Toluene poisoning principally occurs through inhalation, either by intentional abuse or accidentally in the industrial setting, given its widespread use in the synthesis of organic solvents. Symptoms arise due to severe hypokalemia and metabolic acidosis, most prominent being weakness and paralysis, as well as neurological deficits and gastrointestinal irritation. Confirming exposure to toluene during history taking is crucial to make the diagnosis.
Toluene is an aromatic hydrocarbon used in the production of industrial solvents that are present in paints and various chemical substances, including pharmaceutical and sanitation products  . Thus, many occupations carry an increased risk for accidental exposure to higher concentrations of this compound. Toluene poisoning, however, is much more commonly encountered in individuals who intentionally abuse toluene through "glue sniffing", described as the second most common type of teenage substance abuse   . As a result, adolescents are the main patient group . Signs and symptoms appear due to the extensive production of hydrogen ions during its metabolic degradation in the liver, leading to two major pathological mechanisms responsible for symptom appearance - severe metabolic acidosis and hypokalemia   . Furthermore, toluene can deposit in adipose tissues, implying that its metabolism requires a significant amount of time after being introduced into the human body . Consequently, both acute and chronic forms of poisoning might be recognized. In the acute setting, euphoria, disinhibition, and tinnitus are prominent features . Conversely, profound muscle weakness (or even paralysis) is the main symptom of chronic toluene poisoning, accompanied by gastrointestinal complaints (abdominal pain, nausea, vomiting and hematemesis) and central nervous system (CNS) abnormalities - altered mental status, confusion, hallucinations, euphoria, depression, ataxia and visual deficits  . Fatigue, but also cardiac arrhythmias are reported by certain authors  . In severe cases, renal failure (developing on the grounds of rhabdomyolysis and marked acidosis) and acute respiratory distress syndrome (ARDS) may occur .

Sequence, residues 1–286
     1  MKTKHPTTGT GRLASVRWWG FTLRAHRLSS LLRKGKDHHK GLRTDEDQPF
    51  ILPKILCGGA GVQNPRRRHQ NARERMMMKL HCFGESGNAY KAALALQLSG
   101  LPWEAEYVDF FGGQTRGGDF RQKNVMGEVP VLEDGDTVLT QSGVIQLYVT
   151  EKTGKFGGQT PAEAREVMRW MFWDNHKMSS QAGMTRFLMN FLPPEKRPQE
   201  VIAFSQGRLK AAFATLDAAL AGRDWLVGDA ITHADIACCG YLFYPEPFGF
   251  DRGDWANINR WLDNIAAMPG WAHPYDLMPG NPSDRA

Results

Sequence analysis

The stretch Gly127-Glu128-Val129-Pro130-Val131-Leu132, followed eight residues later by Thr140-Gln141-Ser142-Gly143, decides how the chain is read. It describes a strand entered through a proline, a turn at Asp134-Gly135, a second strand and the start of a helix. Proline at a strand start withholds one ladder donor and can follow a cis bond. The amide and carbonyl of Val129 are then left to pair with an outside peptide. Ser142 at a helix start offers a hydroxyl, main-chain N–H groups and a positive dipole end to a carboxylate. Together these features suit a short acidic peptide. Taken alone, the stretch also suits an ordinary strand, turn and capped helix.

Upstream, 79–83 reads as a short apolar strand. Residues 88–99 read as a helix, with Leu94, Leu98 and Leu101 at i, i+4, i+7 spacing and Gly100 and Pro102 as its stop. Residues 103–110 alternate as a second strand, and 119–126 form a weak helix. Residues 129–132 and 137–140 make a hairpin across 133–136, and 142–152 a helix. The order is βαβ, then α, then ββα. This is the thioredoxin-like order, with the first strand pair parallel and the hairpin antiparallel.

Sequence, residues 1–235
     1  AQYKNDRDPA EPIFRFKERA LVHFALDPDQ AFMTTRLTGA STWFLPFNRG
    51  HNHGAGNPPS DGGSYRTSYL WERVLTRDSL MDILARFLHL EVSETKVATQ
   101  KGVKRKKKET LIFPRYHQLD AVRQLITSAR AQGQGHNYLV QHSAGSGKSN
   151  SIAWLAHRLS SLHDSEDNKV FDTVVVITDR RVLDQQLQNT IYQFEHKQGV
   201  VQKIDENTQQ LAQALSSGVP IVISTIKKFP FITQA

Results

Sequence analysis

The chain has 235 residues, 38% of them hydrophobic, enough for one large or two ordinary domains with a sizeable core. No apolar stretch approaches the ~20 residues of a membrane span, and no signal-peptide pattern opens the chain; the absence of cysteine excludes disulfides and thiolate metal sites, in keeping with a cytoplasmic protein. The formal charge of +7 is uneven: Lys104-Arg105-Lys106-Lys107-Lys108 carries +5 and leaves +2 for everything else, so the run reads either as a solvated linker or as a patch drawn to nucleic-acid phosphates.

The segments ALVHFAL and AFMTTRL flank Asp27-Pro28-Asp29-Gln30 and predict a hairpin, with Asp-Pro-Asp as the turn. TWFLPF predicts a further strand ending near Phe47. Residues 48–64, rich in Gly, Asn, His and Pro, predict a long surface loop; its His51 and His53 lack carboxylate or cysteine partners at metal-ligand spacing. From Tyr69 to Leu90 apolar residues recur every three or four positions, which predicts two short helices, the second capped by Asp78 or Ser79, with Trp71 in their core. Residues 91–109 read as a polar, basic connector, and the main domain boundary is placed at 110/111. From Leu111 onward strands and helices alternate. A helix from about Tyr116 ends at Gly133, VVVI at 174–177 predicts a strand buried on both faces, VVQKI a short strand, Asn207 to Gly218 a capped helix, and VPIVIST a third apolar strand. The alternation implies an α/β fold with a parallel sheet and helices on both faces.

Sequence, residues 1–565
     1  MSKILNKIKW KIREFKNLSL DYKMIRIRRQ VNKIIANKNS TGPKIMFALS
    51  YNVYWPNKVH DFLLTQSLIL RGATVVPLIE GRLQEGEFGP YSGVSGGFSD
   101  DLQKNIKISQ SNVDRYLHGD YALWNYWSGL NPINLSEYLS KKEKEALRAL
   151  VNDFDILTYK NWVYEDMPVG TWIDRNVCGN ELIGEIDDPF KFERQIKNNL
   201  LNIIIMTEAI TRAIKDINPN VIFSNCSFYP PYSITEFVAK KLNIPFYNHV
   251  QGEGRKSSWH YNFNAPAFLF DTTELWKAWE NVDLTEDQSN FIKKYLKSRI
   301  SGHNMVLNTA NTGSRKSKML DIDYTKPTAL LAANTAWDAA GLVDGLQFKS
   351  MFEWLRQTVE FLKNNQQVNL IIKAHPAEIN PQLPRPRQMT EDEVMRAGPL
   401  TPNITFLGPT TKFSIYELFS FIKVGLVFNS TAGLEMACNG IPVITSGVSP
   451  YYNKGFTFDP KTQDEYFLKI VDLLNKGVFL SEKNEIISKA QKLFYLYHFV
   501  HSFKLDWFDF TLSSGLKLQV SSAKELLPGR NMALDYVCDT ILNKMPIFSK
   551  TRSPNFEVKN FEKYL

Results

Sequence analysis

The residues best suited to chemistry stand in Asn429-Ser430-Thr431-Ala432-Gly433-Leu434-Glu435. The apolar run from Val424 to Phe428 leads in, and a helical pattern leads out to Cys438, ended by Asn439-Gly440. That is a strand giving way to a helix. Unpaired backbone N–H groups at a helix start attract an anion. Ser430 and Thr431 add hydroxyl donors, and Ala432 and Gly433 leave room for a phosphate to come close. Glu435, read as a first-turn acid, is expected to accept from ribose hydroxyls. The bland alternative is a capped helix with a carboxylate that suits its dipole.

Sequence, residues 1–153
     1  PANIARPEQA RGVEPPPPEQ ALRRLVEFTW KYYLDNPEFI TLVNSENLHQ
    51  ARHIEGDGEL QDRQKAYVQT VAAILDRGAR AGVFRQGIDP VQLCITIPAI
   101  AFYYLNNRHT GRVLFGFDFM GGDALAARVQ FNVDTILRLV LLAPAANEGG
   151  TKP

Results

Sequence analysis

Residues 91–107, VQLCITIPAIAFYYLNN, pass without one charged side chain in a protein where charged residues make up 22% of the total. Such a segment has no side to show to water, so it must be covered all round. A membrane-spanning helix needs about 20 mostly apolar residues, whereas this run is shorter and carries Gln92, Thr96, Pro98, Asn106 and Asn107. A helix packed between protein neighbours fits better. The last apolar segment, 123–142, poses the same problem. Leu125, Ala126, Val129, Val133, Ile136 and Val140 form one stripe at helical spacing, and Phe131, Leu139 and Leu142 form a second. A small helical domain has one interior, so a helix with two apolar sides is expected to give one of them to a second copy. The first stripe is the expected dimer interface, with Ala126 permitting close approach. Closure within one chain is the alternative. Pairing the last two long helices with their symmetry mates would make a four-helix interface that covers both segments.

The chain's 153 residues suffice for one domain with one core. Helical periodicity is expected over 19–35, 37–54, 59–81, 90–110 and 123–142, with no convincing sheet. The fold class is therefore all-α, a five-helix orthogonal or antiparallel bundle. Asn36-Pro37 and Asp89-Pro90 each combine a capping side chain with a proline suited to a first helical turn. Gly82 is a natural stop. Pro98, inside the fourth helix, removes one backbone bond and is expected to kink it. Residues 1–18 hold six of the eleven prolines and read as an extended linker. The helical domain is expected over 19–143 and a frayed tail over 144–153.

The diagnosis of toluene poisoning rests on the ability of the physician to recognize signs and symptoms and confirm exposure to this aromatic hydrocarbon. For this reason, a properly obtained patient history (often requiring hetero-anamnestic data) and a detailed physical examination are perhaps essential steps during the diagnostic workup. In the presence of characteristic signs and symptoms, patients should be asked about their occupancy and whether exposure to toluene could have possibly occurred at the workplace, while intentional abuse must also be excluded. Laboratory studies, particularly the acid-base status and urinalysis, is the next step in solidifying clinical suspicion, showing hypokalemia, hypophosphatemia and a normal (or sometimes elevated) anion gap acidosis    . In addition, kidney function tests will reveal elevated creatine kinase (CK) levels in the presence of renal impairment, whereas severely acidic urine is also a common feature  . Some studies have confirmed that chronic toluene poisoning leads to marked structural changes and demyelination in the CNS, and typical findings on magnetic resonance imaging (MRI) include lesions of the white matter that transmit a hyperintense signal on T2-weighted studies and hypointensity of the thalamus . Thus, imaging studies may be beneficial in the presence of neurological deficits.